Silja Pohjolainen1, Jens Pomoell2, Rami Vainio2
1Department of Physics
and Astronomy, University of Turku, Finland
2Department of Physics, University of Helsinki, Finland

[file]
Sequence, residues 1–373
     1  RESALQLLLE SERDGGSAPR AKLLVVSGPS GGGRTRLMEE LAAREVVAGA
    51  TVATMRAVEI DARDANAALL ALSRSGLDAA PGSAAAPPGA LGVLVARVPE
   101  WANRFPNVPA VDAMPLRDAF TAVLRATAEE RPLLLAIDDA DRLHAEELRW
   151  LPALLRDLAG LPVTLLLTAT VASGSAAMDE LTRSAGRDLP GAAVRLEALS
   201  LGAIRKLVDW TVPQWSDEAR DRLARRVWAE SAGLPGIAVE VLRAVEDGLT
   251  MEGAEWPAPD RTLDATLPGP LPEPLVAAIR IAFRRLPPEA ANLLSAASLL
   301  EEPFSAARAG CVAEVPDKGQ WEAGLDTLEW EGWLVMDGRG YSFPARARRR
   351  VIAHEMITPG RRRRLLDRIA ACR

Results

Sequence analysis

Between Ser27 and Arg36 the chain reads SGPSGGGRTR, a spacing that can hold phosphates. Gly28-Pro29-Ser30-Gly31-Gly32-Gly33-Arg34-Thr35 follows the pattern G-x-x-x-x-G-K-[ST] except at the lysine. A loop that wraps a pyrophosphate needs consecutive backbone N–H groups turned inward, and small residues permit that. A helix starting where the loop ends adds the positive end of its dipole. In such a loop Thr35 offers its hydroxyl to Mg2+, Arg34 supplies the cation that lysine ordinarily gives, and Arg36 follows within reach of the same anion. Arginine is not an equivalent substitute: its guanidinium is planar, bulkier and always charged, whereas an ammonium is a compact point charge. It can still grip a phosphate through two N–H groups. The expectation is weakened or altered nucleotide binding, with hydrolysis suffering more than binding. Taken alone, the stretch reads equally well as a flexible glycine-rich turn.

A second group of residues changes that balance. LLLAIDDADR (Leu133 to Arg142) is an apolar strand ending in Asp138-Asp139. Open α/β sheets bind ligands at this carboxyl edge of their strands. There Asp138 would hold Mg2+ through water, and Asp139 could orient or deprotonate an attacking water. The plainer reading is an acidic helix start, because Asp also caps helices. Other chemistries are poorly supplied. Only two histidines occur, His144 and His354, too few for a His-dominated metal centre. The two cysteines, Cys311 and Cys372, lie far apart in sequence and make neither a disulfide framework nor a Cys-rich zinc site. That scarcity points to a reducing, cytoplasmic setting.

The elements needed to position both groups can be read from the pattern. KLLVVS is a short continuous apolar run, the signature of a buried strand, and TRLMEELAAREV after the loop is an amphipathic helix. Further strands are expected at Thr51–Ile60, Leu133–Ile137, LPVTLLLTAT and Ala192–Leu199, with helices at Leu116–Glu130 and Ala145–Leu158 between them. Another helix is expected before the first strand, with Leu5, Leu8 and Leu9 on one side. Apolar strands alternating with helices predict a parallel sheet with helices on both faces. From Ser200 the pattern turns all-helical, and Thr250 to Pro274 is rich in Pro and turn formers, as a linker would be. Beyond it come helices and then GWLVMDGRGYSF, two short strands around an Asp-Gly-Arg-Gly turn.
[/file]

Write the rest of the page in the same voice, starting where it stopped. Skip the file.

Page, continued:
Solar radio type II bursts are rarely seen at frequencies higher than a few hundred MHz. Since metric type II bursts are thought to be signatures of propagating shock waves, it is of interest to know how these shocks, and the type II bursts, are formed. In particular, how are high-frequency, fragmented type II bursts created? Are there differencies in shock acceleration or in the surrounding medium that could explain the differences to the 'typical' metric type IIs? We analyse one unusual metric type II event in detail, with comparison to white-light, EUV, and X-ray observations. As the radio event was associated with a flare and a coronal mass ejection (CME), we investigate their connection. We then utilize numerical MHD simulations to study the shock structure induced by an erupting CME in a model corona including dense loops. We find that the fragmented part of the type II burst can be formed when a shock wave propagates through high-density loops. In the simulations, the shock becomes significantly stronger inside the dense loops. The observed plasma emission reflects the changing density in these loops and the jumps between the loops. The later, typical type II burst dies out when the shock reaches the outer boundary of the active region where the Alfven speed rises sharply and/or the orientation of the magnetic field changes abruptly.